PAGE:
• European Regulatory Roundup: France Targets 80% Biosimilar Penetration by 2022 (4 January 2018)

    Welcome to our European Regulatory Roundup, our weekly overview of the top EU regulatory news . Ireland Offers to Waive Certain Fees to Ease Impact of Brexit Ireland is offering to waive the fee for certain Brexit-triggered regulatory requests. The offer will allow companies to change their reference member state (RMS) from the United Kingdom to Ireland for free. Officials from the Health Products Regulatory Authority (HPRA) of Ireland made the offer in guides on ...
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    FDA Closes Loophole Companies Used to Skirt Pediatric Study Requirements

    The US Food and Drug Administration (FDA) on Tuesday released draft guidance indicating that it no longer intends to grant orphan drug designation to drugs for pediatric subpopulations of common diseases except for under certain conditions. Those conditions are if the use of the drug in the pediatric subpopulation are for a valid orphan subset, meaning "that use of the drug in a subset of persons with a non-rare disease or condition may be appropriate but use of th...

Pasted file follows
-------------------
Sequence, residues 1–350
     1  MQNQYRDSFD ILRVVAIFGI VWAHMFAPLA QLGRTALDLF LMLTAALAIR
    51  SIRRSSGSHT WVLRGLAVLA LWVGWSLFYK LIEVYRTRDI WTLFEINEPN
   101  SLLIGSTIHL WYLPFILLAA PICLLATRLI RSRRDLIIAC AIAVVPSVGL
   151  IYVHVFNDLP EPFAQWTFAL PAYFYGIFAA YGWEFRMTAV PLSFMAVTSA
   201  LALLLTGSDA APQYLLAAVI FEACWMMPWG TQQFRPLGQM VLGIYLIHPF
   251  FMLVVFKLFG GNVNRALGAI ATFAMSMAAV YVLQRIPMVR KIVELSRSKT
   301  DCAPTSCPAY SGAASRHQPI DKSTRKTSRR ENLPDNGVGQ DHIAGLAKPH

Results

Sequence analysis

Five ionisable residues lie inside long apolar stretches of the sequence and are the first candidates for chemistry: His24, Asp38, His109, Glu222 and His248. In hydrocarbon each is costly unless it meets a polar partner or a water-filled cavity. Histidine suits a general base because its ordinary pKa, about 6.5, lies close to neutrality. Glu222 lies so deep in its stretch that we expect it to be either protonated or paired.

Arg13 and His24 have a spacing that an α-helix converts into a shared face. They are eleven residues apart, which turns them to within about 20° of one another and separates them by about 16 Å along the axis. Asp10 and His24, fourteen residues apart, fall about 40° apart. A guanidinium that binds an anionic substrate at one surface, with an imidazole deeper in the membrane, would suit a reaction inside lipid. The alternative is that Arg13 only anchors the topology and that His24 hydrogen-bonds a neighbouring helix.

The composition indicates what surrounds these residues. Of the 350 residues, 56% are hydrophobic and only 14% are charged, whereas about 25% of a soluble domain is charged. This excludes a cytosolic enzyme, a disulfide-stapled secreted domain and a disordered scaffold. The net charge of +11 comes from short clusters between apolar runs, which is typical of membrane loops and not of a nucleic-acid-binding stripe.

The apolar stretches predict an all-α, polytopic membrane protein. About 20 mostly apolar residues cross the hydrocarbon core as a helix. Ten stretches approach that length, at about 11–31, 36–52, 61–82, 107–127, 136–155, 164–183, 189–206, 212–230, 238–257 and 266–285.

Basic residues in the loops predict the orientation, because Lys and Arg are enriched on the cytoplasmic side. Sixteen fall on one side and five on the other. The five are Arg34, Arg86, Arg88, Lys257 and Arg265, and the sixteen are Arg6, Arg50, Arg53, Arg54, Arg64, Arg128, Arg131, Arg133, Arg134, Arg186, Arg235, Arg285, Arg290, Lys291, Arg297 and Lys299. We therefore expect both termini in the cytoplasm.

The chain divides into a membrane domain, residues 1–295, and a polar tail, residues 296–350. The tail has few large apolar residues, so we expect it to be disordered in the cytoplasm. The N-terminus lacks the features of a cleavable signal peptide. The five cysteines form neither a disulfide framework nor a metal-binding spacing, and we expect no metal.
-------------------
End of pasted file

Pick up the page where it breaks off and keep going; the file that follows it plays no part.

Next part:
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    Senate, House Agree to Cut Orphan Drug Research Credit in Half in Tax Bill

    Members of the House-Senate Conference Committee discussing the GOP's tax overhaul plan on Friday released the final text of the bill, which would reduce the rare disease research tax credits biopharma companies can claim by half. Currently, companies can claim a 50% tax credit for qualified clinical testing expenses incurred in testing certain drugs for rare diseases or conditions, generally referred to as "orphan drugs," affecting fewer than 200,000 persons in th...